Solved Double Decimal Decrementing

Discussion in 'Spigot Plugin Development' started by DarkKnights22, Jan 7, 2020.

  1. Code (Java):
    double count = 0.4;
            for (String hologram: repositoryCrate.getHologram()) {
                new ArmorStandCreator(hologram, block.getLocation().clone().add(0.5, count, 0.5));
    How would I make count go down in decimals of 0.1, so it would be 0.4, 0.3, 0.2, 0.1 etc.
  2. SteelPhoenix


    subtract 0.1 instead of 1?
    • Funny Funny x 2
  3. Yeah like SteelPhoenix said.
    count -= 0.1;
    You cant rly decrement a decimal number because of its composition (vz exp mantissa)
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  4. num-- or num++ is basically the same as num-=1 and num+=1
  5. Not quite sure if this is relevant for java and if the compiler corrects this but in almost every CISC CPU there is a special “add” instruction that is named INC (or DEC) and that instruction increments (or decrements) by 1 the value of a register (or memory).
    If you use another instruction for addition you have to add both operands you want to sum.
    That makes INC/DEC more efficient:
    They take less space (no space for operands).
    In CISC they execute faster (because you save time to load operands).

    (in short "i++" might be faster than "i = i+1" or "i += 1")
    Also ++i is (apparently) also somehow faster than i++

    But then again. Not quite sure how this is done in the JVM.
    Also you should generally not think about stuff like that in a high level language like Java.

    PS ill write a jmh Benchmark...
    Its all the same... except adding something else than 1 or adding a double.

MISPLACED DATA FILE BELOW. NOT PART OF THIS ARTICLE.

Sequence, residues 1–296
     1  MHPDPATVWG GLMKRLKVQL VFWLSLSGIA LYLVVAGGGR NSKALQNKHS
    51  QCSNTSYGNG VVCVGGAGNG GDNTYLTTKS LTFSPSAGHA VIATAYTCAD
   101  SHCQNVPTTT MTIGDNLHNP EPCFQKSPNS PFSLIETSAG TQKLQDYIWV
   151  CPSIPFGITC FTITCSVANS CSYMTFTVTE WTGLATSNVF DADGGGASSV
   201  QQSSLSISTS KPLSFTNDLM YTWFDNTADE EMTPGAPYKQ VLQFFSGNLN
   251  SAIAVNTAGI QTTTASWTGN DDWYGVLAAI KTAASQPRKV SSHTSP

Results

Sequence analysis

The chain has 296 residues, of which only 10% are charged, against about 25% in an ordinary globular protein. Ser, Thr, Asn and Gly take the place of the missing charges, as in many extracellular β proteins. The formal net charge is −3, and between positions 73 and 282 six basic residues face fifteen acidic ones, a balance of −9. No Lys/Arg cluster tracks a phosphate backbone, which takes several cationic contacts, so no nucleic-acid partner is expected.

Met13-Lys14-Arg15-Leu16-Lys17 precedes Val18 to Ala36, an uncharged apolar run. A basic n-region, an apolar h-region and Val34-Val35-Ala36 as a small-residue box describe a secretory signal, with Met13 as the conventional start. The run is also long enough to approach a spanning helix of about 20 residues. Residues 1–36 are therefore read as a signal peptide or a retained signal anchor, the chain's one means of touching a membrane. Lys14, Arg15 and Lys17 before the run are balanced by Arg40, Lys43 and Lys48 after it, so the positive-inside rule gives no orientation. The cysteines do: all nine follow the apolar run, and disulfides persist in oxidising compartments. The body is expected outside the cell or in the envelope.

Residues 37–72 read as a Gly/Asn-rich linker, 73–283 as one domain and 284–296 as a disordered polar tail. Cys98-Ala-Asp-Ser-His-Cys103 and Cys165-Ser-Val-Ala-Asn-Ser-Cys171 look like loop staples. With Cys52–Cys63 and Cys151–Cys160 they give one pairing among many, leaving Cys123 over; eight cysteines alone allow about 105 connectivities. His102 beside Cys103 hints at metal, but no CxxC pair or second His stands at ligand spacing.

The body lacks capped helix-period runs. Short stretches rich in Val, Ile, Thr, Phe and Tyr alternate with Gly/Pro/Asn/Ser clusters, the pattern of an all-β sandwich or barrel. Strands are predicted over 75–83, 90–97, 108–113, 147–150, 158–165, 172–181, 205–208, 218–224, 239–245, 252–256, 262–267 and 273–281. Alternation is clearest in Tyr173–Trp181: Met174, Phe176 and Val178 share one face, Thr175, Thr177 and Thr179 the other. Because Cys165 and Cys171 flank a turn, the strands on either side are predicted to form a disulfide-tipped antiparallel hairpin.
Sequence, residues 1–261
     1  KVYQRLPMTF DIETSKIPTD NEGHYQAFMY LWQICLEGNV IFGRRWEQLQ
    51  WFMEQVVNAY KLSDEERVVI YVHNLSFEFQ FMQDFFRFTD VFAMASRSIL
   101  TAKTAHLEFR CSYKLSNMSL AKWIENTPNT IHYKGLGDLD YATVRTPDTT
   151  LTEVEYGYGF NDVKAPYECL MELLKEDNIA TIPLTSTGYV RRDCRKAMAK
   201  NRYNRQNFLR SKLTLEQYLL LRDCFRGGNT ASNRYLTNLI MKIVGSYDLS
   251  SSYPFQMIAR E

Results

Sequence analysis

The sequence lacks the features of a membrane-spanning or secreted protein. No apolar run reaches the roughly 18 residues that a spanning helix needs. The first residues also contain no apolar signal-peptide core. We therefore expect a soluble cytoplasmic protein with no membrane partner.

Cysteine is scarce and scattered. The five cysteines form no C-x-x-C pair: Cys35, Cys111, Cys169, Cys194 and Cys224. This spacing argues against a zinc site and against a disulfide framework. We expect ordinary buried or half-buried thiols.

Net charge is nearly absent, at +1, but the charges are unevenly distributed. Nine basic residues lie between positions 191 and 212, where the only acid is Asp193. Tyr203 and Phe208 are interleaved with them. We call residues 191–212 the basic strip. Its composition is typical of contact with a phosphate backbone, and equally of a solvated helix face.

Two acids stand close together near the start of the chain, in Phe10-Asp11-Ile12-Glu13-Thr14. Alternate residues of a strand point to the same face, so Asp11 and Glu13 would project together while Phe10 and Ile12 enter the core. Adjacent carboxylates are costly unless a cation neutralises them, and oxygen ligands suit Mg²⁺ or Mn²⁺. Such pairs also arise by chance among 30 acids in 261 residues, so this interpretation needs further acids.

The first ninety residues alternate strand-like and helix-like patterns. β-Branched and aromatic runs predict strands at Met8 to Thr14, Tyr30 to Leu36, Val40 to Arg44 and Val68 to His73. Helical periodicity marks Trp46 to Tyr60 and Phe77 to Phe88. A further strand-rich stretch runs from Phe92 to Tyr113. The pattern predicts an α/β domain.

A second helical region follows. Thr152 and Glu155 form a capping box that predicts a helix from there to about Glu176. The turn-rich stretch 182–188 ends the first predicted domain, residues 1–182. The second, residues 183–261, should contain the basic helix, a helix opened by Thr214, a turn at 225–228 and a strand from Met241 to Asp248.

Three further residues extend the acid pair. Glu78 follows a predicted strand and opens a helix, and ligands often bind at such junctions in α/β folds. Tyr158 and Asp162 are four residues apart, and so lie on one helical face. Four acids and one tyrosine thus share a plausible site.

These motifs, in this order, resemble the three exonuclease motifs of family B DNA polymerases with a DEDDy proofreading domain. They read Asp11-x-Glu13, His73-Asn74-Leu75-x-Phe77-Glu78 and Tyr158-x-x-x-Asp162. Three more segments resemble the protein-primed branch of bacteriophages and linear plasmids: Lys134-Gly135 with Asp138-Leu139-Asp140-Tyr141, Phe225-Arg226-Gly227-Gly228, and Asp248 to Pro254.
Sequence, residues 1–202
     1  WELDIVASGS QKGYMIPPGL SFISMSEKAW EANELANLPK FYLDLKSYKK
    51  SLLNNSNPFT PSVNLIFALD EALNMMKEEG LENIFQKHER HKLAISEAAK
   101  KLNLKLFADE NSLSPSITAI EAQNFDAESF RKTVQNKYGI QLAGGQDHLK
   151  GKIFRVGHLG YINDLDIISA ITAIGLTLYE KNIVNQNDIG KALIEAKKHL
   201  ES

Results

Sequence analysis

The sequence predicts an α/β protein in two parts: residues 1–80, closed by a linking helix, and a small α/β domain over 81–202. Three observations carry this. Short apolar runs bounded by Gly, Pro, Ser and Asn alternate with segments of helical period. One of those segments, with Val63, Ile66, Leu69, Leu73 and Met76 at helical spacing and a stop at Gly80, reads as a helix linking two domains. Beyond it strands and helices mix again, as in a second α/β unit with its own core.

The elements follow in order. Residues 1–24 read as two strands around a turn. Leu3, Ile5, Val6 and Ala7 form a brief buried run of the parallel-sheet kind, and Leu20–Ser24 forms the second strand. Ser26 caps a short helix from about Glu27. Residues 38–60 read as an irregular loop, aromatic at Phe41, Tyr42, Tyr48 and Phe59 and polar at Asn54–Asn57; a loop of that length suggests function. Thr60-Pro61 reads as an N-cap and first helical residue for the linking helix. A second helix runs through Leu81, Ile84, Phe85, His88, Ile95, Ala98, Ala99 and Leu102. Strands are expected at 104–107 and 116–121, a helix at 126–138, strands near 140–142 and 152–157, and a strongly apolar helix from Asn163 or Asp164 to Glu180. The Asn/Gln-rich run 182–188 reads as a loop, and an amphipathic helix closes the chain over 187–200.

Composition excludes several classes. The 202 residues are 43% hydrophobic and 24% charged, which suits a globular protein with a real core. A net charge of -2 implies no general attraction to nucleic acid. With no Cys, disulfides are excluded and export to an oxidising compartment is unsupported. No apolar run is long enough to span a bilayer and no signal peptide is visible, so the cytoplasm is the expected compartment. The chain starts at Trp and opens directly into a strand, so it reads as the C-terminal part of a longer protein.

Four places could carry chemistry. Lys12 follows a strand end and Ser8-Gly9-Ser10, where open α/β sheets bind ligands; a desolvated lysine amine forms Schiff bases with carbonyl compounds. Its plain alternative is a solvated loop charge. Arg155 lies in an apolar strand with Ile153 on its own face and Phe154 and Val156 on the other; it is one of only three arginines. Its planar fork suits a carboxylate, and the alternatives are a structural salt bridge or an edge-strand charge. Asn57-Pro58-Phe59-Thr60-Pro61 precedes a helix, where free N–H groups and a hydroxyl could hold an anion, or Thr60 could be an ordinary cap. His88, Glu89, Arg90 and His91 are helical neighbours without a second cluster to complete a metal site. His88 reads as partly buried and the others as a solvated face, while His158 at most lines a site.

#5 7smile7, Jan 7, 2020
    Last edited: Jan 7, 2020
  6. Now here we have an optimization freak I like it :p
    But please do your benchmarks before you write something like this.
    While it is true what you say about CISC processors, please notice that we are normally talking about massively overturned things where something like "add" or "inc" really does not matter.
    First of all: Both of these commands have a performance duration of one clock cycle, provided that the operand is inside a Cache close to the processor. Now concerning your massive memory overhead of one operand:
    8 byte / 2GB - is a very small number.
    Also while it is true that a CISC processor would execute the task faster (again by 2 or 3 clock cycles) no modern processor is actually CISC. Even thou these processors accept CISC instructions, the internally decode them into way faster RISC instructions.

    Add that to the fact that the JVM is a virtual machine and if you get a faster result for any benchmark (ADD vs INC) this is due to the high amounts of dynamics (Caches, predictions, multicore) in today's processors.

    Don't want to discourage you, I like your style, but optimization at such a level is (even on assembly level) never necessary.
  7. /optimization off

    It's probably just opinion based in this case, but in general I try to avoid floating point counters (for example in loops) and I think it's a general rule that you should avoid that. Instead you can increment or decrement an integer and calculate the required floating point inside the loop. This is probably not an efficient solution but much cleaner. Example:
    Code (Java):
    for (int i = 0; i <= 10; i++) {
        double d = ((double) i) / 10.;
    Further reading:
    • Agree Agree x 1
  8. agreed. Tho he used a loop using an Iterator and decremented additionally
  9. Haha calm down, I know it could possibly be a one CPU instruction for i++/i-- but i was saying how it has the same outcome as the other code.
  10. I think OP was just looking for an infix notation of this. You can use: add(0.5, (count = count - 0.1), 0.5)) to have it all neat.
    • Agree Agree x 1